68. "So why would Steven Carr be so rightly indignant about 1 Corin. 11? The problem with 1 Corin., is that it in fact begins to imperfectly acknowledge, and very clumsily deal with, the key problem in Christianity: the lack of a physical/historical Jesus. Either originally, or in our own time. "

    I assume that's a BG comment.

    What exactly about 1 Corinthians suggests the lack of a physical/historical Jesus?

  69. 1) It is written after the death of Jesus; after Jesus according to Acts, after 40 days, was taken up into Heaven. So that? He would not have been a physical being on earth.

    2) Paul does not claim to have met much of a substantial Jesus; but only a "voice" or conversely, a "vision," that others could not see.

    3) While there are no accepted canonical accounts of Jesus being physically on earth, after the 40 days.

    4) So the problem is: there is certainly no physical Jesus on earth at this point, by most accounts. Even though the Bible had promised that when God came to earth, he would be here to stay, in person, in Jerusalem probably (isa. 65-6; Rev. 21, etc.).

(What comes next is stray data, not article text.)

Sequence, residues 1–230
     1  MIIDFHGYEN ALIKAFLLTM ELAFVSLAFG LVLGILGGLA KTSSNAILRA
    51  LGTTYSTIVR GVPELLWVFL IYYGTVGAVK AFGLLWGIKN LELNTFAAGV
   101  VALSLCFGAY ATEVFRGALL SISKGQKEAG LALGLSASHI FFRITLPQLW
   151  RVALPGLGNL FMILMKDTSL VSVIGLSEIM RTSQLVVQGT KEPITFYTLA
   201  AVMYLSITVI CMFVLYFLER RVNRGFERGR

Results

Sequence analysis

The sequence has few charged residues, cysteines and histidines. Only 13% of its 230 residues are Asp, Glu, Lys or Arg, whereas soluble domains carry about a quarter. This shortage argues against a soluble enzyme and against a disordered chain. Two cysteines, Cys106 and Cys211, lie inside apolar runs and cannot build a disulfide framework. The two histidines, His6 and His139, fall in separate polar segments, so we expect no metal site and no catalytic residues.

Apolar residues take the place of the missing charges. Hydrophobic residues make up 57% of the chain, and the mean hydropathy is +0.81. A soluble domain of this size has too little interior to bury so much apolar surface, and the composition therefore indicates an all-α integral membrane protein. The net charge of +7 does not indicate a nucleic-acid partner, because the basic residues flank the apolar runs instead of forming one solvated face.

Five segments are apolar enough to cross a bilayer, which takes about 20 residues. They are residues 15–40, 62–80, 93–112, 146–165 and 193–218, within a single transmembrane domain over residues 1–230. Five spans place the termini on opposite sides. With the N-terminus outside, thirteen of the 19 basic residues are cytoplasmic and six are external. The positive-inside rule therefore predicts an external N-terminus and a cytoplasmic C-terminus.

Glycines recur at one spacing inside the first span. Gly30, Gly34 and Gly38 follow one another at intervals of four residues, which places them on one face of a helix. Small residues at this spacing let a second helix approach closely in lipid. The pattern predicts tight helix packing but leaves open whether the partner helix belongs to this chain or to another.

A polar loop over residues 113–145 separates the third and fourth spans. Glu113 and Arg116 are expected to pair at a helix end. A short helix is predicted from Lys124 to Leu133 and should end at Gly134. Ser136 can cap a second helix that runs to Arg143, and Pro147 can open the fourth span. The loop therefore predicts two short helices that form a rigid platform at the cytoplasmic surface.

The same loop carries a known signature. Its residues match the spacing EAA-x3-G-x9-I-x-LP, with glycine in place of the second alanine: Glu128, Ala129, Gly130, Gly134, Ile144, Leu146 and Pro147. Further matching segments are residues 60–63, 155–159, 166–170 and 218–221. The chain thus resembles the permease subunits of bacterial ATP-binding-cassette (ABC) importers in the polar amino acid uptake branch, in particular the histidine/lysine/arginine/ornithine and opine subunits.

5) So there is no physical Jesus after the 40 days for sure. Perhpas for this reason, perhaps for others (like the original non existence of Jesus), the texts begin to try to deal anxiously with this problem: where is the physical Jesus? To try to answer this, some say a)his spirit is in our physical Bibles; or b)believers or c) churches are his "body." Or among dozens of other places, d) the piece of bread is his physical/historical body.

    The point being that certainly, there is no physical Jesus after Easter or so; and for this but also other reasons likely, the text of the NT is quite anxious to try to establish a physical Jesus. Anxiously proposing one after another different locus for his physical body however.

    This bodes poorly, for the search for a physical/historical Jesus. Since already, one aspect of that is being dealt with inconsistently, anxiously, by the text. Which generated suspiciously many different stories on this.

    - (Yes; it is Brettongarcia. It seems more reliable to log in with "anonymous" here, due to my weak wi-fi connection).